Colo. doctors discover link between fat cells and arthritis

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AURORA, Colo. — Doctors and professors at the University of Colorado School of Medicine have made a discovery linking fat cells to rheumatoid arthritis.

“We found that fat in the knee joints secretes a protein called pro-factor D which gives rise to another protein known as factor D that is linked to arthritis,” said Nirmal Banda, Ph.D., and associate professor of medicine in the Division of Rheumatology at the University of Colorado School of Medicine.

Banda said that in the study, mice without factor D could not get rheumatoid arthritis.

About 1.3 million Americans suffer from rheumatoid arthritis, an autoimmune condition that gradually destroy bones, muscles, joints, cartilage and other connective tissue.

Banda spent the last 14 years tracking down the causes of rheumatoid arthritis in collaboration with professors Michael Holers, MD, and William Arend, MD. at CU’s School of Medicine. Banda is the senior author of the study which was published this week.

“We are looking at vaccines, drugs or inhibitors to stop the local secretion of pro-factor D in the mouse,” Banda said. “Our goal would be to stop the disease before it progresses and leads to joint destruction.”

According to the study, factor D is part of the complement system, a complex array of over 40 proteins that help the body fight off bacteria and other pathogens.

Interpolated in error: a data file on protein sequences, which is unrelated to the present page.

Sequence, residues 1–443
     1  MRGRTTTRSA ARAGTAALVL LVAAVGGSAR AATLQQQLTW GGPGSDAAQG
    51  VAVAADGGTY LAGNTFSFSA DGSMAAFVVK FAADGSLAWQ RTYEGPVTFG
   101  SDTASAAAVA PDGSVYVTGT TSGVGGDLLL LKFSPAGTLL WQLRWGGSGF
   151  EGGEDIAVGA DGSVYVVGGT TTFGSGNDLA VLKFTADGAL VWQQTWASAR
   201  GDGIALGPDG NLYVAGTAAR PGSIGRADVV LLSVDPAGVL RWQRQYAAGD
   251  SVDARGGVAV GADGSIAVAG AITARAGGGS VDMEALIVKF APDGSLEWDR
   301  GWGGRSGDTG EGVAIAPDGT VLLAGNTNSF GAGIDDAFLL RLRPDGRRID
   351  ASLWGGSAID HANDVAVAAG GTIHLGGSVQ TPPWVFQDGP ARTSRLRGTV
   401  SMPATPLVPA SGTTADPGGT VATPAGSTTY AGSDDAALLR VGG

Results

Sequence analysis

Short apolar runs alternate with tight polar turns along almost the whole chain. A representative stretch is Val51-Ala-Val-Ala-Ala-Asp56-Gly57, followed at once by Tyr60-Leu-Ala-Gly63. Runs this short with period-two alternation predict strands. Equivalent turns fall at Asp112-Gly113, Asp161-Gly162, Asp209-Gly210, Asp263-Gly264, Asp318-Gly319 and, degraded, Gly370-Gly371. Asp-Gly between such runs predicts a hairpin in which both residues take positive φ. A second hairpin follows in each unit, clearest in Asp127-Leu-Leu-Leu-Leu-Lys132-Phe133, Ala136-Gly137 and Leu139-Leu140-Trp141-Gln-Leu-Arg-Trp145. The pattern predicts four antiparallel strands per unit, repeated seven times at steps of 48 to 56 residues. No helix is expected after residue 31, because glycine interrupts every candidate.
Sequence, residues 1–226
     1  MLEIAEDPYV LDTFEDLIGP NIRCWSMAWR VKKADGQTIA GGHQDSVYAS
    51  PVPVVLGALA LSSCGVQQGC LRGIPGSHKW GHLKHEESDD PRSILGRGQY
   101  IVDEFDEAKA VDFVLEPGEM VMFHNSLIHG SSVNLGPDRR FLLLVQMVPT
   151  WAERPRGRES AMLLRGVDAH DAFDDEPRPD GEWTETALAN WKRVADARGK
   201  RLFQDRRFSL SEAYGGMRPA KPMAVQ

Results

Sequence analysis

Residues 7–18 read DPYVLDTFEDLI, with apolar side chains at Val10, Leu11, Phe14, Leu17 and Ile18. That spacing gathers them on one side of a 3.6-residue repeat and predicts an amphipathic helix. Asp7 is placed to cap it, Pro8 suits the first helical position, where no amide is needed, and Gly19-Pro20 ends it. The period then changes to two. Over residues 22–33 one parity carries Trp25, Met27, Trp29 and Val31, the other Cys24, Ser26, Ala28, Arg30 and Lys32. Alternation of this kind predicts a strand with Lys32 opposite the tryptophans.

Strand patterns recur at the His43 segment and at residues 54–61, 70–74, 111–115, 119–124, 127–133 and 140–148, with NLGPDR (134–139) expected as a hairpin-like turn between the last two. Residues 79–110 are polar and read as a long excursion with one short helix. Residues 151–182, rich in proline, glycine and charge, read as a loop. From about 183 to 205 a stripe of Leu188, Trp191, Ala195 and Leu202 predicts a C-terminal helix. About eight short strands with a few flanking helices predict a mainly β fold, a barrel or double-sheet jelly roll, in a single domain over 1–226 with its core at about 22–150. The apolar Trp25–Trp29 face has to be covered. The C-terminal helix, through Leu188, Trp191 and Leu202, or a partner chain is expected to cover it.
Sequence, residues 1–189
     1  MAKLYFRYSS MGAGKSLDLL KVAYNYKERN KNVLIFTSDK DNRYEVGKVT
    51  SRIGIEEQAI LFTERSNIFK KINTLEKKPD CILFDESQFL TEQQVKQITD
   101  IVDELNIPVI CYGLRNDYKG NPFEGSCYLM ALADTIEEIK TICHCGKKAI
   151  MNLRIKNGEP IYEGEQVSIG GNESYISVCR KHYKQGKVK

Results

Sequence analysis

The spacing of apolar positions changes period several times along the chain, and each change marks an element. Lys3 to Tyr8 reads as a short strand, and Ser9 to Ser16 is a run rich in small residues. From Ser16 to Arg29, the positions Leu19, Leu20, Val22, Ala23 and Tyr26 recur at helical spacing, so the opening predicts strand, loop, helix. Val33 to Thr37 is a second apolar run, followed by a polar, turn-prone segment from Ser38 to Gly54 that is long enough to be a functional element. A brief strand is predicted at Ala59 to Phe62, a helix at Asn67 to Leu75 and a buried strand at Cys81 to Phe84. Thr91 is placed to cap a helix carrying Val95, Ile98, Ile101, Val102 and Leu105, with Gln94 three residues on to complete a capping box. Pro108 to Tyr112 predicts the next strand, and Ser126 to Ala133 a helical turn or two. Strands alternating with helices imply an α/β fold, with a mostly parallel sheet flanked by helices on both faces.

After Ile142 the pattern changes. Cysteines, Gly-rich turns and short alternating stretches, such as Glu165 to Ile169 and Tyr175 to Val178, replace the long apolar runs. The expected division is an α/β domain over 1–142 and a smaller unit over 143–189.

In studies with arthritic mice, Banda previously found that the complement pathway involving factor D made the mice susceptible to inflammatory arthritis. He found that removing factor D, rather than the entire complement system, achieves the same result without compromising other parts of the system that can fight infection.

“We know that fat is normally present around all organs of the body,” Banda said. “But what we didn’t know until now was that the fat is secreting this protein which actually triggers arthritis in the joints.”

New medications resulting from the study’s discovery could treat inflammatory arthritis throughout the body.

“We believe we can shut down one part of the complement system that triggers disease without shutting down the rest. If so, we will be making a major stride toward treating and perhaps even curing rheumatoid arthritis,” Banda added.

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